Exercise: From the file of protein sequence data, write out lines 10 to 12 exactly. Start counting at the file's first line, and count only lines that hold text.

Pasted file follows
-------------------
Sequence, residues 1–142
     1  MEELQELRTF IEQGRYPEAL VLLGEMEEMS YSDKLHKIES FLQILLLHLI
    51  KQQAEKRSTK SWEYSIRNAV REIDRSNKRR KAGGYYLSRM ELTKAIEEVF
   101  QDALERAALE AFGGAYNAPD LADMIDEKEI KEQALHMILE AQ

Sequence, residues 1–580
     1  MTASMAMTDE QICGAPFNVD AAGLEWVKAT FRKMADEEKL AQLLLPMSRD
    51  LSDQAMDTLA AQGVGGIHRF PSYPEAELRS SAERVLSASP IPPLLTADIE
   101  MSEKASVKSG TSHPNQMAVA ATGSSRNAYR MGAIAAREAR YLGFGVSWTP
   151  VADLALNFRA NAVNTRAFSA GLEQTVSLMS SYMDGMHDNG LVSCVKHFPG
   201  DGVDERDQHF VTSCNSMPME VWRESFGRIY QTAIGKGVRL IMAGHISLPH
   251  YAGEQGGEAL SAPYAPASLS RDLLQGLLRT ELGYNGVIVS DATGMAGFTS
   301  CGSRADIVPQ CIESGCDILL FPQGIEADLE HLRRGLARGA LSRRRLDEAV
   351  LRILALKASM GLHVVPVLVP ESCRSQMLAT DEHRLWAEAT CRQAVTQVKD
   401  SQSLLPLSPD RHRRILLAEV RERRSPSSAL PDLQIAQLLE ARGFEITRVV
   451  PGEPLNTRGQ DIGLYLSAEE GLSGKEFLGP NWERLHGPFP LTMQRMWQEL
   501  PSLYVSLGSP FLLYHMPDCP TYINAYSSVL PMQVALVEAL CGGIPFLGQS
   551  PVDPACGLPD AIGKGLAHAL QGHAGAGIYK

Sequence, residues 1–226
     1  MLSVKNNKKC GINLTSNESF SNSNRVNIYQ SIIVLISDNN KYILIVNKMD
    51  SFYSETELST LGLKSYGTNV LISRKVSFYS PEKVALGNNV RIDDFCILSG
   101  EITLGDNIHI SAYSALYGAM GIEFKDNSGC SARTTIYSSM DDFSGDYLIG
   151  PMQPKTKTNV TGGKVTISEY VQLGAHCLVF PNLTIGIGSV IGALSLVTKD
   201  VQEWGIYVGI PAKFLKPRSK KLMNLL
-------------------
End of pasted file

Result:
   201  DGVDERDQHF VTSCNSMPME VWRESFGRIY QTAIGKGVRL IMAGHISLPH
   251  YAGEQGGEAL SAPYAPASLS RDLLQGLLRT ELGYNGVIVS DATGMAGFTS
   301  CGSRADIVPQ CIESGCDILL FPQGIEADLE HLRRGLARGA LSRRRLDEAV